My name is Philipp Wode. A former micro technology trainee, I am now a Frontend Operator in nozzle production, which involves putting a microscopically small nozzle structure on silicon discs known as “wafers”. The structure is designed in such a way as to atomise the medication coming out of the inhaler.
The blank wafers first need to be coated then exposed, processed, etched, and bonded. Finally, a kind of class lid is put on top of the etched, trench-like structures in the wafers in order to create small canals. Everything takes place in a cleanroom under yellow light as a photosensitive coating is used in nozzle production. The yellow light has the same effect as red light in photo developing.
To produce the nozzles, I work with optical and mechanical measuring systems, wet chemical facilities as well as dry etching and bonding equipment. There are lots of parameters and even the tiniest of deviations can lead to nozzles being rejected. We produce things that are 1,000 times smaller than a millimetre, so it’s no job for heavy-handed people! The product is a world leader and incredibly successful. And I contribute to this.
My typical working day at BI
The first 10 minutes of my day as a Frontend Operator are spent putting on my work clothes: cleanroom sweatshirt and trousers with a white laboratory coat on top. Then I go into the cleanroom airlock where the white coat is exchanged for cleanroom overalls, head cover, face mask and nitrile gloves in order to avoid contaminating the cleanroom with particles. I then spend the day creating something big from tiny things.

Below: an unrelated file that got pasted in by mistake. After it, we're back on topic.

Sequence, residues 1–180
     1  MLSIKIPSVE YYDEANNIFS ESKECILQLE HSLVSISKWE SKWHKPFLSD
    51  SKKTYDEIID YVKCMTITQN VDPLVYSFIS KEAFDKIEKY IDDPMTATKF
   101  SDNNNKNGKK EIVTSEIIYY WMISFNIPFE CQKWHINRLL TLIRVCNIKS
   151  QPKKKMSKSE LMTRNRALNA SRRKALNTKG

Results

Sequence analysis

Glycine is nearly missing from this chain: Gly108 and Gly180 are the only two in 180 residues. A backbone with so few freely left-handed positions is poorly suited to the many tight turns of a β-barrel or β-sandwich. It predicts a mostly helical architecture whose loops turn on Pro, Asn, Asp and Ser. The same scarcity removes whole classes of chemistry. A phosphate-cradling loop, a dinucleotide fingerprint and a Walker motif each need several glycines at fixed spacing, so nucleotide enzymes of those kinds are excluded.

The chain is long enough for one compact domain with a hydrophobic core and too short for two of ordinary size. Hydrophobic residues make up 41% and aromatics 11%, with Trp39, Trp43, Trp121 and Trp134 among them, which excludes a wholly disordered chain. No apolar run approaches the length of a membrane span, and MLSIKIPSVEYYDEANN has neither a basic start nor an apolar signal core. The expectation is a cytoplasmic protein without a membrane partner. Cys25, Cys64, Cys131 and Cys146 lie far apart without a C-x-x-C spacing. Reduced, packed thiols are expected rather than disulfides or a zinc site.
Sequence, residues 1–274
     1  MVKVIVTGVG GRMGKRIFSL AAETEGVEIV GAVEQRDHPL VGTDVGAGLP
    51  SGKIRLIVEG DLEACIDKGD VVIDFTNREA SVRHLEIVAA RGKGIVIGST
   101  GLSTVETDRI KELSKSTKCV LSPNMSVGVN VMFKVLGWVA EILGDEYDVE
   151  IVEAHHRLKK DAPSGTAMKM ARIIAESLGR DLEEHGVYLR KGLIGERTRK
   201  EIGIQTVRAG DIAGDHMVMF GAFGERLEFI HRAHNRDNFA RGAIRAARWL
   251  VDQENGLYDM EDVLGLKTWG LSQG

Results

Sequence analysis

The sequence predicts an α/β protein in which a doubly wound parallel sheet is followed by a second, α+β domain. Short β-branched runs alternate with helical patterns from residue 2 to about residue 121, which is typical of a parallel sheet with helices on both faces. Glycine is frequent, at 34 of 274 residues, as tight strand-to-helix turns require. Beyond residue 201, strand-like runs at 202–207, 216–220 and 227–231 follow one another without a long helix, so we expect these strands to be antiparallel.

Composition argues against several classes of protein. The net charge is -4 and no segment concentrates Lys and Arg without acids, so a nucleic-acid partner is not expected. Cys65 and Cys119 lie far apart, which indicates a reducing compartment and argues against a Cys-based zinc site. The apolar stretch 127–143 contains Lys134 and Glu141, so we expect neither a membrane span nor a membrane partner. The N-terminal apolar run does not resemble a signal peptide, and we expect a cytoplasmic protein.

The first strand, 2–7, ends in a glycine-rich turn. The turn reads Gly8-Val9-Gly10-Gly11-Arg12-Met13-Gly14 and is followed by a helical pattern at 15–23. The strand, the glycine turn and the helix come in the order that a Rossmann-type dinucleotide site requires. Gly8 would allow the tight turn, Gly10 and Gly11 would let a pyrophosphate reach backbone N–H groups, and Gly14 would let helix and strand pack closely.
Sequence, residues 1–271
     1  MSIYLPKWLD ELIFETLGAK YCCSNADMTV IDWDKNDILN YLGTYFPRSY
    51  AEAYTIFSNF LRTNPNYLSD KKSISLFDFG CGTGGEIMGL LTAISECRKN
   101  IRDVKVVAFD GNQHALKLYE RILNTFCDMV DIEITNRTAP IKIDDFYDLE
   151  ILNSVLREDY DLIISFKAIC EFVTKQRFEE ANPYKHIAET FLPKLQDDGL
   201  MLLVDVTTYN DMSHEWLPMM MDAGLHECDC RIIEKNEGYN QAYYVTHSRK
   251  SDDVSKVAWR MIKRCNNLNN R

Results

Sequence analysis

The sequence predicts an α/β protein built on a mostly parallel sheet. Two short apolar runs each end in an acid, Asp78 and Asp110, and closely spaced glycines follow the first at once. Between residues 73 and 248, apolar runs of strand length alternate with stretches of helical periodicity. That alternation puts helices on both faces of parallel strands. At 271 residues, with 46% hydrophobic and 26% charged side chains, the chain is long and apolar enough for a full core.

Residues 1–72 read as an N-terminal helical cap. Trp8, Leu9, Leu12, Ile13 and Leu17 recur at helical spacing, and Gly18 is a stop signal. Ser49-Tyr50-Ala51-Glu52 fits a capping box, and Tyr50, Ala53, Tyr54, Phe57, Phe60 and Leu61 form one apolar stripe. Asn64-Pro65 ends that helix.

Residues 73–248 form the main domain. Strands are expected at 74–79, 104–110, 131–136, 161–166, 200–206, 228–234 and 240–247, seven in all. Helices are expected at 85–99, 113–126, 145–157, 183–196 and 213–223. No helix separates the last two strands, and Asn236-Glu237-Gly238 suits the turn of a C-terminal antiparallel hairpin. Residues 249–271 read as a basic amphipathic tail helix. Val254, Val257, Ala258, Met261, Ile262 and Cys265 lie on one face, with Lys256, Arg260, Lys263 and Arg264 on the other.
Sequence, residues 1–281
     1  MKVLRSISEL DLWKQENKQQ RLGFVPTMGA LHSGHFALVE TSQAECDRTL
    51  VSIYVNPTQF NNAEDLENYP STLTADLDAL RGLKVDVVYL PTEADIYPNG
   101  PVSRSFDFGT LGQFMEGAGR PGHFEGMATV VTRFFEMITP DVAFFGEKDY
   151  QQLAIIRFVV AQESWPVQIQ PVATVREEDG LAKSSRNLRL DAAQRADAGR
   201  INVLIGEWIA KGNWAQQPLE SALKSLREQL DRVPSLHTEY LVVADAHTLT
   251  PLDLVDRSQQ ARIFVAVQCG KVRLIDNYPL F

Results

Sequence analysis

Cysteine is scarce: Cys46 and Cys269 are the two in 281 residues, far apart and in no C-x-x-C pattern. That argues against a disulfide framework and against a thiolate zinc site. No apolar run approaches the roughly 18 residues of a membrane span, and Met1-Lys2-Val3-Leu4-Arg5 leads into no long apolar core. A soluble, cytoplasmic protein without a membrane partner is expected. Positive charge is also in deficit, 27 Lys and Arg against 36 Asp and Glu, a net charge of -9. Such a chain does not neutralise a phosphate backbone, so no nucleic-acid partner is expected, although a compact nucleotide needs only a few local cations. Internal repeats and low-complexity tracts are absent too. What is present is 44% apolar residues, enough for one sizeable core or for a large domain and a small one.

That's why I work for BI
There are always new tasks and challenges, even alongside your own everyday work, for example acting as a training supervisor, leading training sessions in quality control or being the test equipment officer for the area. It’s a great deal of responsibility, but I also receive a great deal of appreciation and respect from my line manager and colleagues. This was even the case when I was a trainee back in the day. Starting my career here was a very good decision, and the right one!